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the Degree Confluence Project
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United States : Texas

5.9 miles (9.5 km) SSW of Sagerton (Haskell), Stonewall, TX, USA
Approx. altitude: 503 m (1650 ft)
([?] maps: Google MapQuest Multimap topo aerial world confnav)
Antipode: 33°S 80°E

Click on any of the images for the full-sized picture.

#2: Coon Creek's dry bed. #3: North from N33 W100. #4: Abandoned railbed just east of confluence.

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  33°N 100°W  

#1: Northeast from confluence.

(visited by Ed Vinson)

16-Jan-2000 -- Sunday afternoons seem to be an ideal time for confluence hunting -- much more entertaining than TV or reading our 16-page local newspaper. 33N/100W is about 50 miles from home, between the small towns of Hamlin and Sagerton. The area is part of the 'Rolling Plains' of western Texas, a region of mostly flat land with occasional mesas and patches of badlands. The land is used for farming (cotton and sorghum-family stuff), cattle, and oil production.

I drove through Hamlin, then on Northeast on paved, then gravel, roads to the point where Coon Creek crossed the former Santa Fe Railroad line. I had planned on hiking west along the creek to the confluence, but it has been dry enough that I was able to walk in the creekbed itself. I suppose that the local raccoons, if they really do wash their food like I was told in Cub Scouts, are having to give it dust baths this year.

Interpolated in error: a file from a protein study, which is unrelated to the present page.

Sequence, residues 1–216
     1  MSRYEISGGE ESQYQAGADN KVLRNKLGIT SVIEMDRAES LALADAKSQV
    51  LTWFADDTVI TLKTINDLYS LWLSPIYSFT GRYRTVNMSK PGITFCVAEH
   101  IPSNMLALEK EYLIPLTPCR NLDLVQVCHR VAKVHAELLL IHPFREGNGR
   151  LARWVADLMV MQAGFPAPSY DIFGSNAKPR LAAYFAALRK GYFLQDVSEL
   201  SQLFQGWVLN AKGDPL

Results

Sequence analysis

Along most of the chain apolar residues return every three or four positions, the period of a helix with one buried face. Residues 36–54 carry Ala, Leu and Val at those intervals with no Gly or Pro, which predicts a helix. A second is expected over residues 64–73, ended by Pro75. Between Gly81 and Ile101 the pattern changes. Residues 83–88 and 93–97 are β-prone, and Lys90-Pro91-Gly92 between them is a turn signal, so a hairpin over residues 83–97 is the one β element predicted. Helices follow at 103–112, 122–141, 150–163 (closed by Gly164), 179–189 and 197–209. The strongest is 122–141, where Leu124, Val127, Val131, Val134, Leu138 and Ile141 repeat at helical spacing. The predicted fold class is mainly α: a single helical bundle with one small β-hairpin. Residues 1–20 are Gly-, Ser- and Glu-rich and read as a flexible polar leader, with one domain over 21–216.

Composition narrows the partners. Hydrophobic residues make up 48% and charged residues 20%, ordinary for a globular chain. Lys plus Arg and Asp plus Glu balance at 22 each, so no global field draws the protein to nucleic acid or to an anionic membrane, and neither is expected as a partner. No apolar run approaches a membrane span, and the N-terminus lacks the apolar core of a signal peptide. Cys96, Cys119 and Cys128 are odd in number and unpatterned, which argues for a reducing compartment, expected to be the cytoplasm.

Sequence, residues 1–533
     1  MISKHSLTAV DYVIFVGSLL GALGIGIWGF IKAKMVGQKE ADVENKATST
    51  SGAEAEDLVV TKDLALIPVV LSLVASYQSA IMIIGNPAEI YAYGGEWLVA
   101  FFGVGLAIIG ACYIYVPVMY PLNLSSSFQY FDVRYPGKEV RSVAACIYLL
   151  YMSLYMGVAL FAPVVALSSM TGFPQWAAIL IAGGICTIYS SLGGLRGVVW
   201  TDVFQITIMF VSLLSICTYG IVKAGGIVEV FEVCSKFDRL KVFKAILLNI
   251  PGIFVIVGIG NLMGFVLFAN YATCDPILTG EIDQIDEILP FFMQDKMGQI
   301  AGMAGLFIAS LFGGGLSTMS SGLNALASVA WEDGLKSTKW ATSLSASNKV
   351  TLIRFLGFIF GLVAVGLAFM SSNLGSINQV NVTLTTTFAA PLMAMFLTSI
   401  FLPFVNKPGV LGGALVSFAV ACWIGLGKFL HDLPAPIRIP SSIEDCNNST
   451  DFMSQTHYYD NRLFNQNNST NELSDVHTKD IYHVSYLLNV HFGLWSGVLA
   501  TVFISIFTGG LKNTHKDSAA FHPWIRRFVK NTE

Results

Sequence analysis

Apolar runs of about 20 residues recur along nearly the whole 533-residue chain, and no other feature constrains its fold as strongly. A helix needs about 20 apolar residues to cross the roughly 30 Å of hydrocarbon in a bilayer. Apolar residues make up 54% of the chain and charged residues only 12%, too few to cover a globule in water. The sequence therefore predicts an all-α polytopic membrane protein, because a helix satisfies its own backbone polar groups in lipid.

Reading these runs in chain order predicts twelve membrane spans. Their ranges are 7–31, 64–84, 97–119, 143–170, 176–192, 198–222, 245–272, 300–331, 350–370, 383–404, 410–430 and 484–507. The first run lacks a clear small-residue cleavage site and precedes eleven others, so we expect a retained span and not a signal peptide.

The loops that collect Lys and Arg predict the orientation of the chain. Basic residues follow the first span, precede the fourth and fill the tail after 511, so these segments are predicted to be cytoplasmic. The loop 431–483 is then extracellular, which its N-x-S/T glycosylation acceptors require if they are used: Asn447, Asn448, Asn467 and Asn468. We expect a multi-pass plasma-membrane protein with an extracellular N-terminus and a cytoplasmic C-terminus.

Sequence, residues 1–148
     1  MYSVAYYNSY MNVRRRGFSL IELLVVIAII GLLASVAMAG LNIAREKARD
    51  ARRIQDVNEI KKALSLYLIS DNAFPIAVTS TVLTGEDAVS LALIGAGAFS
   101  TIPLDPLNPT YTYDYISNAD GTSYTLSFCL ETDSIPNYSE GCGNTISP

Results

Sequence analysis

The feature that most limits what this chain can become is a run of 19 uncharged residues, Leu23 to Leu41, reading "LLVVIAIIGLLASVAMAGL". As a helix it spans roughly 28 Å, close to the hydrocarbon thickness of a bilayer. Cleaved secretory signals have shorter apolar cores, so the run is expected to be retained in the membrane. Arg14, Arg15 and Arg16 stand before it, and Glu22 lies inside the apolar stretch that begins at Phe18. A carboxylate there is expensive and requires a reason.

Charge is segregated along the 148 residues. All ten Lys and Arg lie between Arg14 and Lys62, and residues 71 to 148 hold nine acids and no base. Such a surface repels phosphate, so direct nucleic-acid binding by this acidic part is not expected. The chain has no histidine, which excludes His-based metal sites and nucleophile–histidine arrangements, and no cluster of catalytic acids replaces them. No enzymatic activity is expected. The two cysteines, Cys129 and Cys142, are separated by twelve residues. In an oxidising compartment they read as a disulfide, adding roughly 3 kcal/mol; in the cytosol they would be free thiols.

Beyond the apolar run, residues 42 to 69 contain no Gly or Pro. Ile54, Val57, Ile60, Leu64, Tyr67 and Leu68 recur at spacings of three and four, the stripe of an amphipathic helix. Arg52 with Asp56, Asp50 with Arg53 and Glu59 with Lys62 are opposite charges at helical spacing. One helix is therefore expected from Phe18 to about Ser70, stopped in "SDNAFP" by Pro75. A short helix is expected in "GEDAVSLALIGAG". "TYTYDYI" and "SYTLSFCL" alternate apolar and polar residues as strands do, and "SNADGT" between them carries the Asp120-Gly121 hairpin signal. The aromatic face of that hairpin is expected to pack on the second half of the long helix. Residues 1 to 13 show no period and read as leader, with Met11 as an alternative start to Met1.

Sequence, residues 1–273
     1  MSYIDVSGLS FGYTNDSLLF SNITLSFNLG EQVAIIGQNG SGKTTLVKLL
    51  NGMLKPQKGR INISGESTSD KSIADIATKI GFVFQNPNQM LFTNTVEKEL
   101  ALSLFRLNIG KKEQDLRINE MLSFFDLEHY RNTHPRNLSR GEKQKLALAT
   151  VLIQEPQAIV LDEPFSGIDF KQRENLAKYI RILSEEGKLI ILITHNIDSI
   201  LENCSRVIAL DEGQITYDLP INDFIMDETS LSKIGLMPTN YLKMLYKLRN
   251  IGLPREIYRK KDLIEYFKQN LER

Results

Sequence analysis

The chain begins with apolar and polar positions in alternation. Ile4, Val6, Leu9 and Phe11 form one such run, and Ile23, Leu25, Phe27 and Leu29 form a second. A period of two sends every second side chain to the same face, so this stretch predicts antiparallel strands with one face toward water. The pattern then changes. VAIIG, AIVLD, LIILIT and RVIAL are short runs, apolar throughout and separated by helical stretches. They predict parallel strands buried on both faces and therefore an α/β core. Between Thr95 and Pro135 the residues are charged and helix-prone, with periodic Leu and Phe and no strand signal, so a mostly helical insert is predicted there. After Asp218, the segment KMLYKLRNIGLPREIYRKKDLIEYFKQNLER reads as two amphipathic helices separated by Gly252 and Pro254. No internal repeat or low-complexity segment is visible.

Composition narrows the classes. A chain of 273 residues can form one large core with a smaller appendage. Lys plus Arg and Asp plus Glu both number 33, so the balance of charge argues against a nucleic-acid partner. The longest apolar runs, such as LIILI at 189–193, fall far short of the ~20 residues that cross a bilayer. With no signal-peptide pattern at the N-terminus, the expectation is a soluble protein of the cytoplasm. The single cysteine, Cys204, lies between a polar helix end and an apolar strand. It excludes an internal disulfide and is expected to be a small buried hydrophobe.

The confluence itself is about a half-mile due west of the tracks, almost in the creekbed. A road/trail indicated on the TopoZone map appears to be completely overgrown- I couldn't find a trace of it. Picture #2 is a view of the creekbed as close to 100W as I could estimate- probably within 50 feet or so of the actual confluence. Picture #3 looks north from the confluence toward a low mesa, upon which the U.S. Geological Survey placed a benchmark back in 1925. I didn't go looking for it. Picture #1 is northeastward from the confluence, and gives a good feel for what the area is like. Finally, Photo #4 shows the abandoned railroad bed and the nearest farm, off to the top right. Even the telephone poles are abandoned- no wires, just miles of poles with old glass insulators.


 All pictures
#1: Northeast from confluence.
#2: Coon Creek's dry bed.
#3: North from N33 W100.
#4: Abandoned railbed just east of confluence.
ALL: All pictures on one page (broadband access recommended)